Et tu, Instagram?
Same story, different social app. It started out small and exclusive. Grew a tight, loyal community. It was great! Seriously, I feel like a week ago I was all in on Instagram, just thinking, “Aw shucks! I mean, Instagram, you are just … you are just great. With your filters and your relative lack of spam and how no one can privately message me (code for annoy me). Way to keep it simple!”
Why you gotta do me like that, Instagram?
I’m sucker and I got played because YET AGAIN I was sucked in to feeling the freedom. No one can tag me in this noise, so what the hell! You take that picture of me doing a Jager Bomb! Sure, mom and dad, take and post photos of those hideous middle years I’d love to forget! It matters not!
Using my sister as a sacrificial lamb: I don't think she'd love for my dad to be able to tag this Instagram he posted of her.
How wrong I was.
So now, in addition to religiously monitoring the photographic evidence of my shenanigans that my “friends” (so they call themselves) post of me on Facebook, Instagram is added to the mix. Gone of the days of a carefree, Amaro-filtered photos of my shambles and derp-ness and enter those wherein I'm compulsively checking my news tab in paranoia.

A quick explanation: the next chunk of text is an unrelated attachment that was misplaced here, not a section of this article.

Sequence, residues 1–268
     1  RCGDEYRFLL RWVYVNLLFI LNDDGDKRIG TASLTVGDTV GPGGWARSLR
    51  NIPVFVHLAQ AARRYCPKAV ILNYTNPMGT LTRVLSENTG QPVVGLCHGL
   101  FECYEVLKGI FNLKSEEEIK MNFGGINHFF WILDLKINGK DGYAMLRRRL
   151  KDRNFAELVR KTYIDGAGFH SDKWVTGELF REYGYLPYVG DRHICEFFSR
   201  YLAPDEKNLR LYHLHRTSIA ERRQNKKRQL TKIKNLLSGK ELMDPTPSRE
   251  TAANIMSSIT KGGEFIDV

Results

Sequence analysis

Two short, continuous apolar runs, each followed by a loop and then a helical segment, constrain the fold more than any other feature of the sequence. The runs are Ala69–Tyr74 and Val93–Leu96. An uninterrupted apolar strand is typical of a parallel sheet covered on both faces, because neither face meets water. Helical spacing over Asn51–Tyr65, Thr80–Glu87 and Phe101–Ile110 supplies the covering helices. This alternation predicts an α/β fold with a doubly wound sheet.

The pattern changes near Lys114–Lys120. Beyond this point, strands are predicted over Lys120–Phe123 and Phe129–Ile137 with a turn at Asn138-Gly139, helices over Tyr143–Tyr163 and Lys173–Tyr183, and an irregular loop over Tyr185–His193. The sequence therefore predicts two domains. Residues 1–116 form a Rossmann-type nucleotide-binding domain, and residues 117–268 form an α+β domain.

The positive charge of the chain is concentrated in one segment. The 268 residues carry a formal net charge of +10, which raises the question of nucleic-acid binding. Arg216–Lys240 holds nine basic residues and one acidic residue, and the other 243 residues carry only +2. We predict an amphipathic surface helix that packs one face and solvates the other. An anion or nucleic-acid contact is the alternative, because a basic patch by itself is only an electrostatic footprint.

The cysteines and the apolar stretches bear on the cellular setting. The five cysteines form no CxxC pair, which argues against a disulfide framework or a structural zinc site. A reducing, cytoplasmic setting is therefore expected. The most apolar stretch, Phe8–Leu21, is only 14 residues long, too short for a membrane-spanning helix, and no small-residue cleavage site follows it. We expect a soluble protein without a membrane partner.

They can take our Instagram anonymity … but they can never take … our freedom!
Except that yeah, they totally can and just did. 

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WTF Internet? Instagram inspired Nikes … ‘Just DON’T Do It’
Instagram inspired Nikes

We all knew it was coming. The signs have been around us for awhile now. So it should come as no surprise that Instagram is working on some monetization schemes.
The little photo-sharing-app-that-could catapulted the idea of the mobile-first social network, and managed to create a whole new level of hype around “iPhoneography.” For chrissake, people refer to themselves as Instagrammers. There are meetups organized around the community so people can physically get together to use the app. It’s a really real thing, you guys.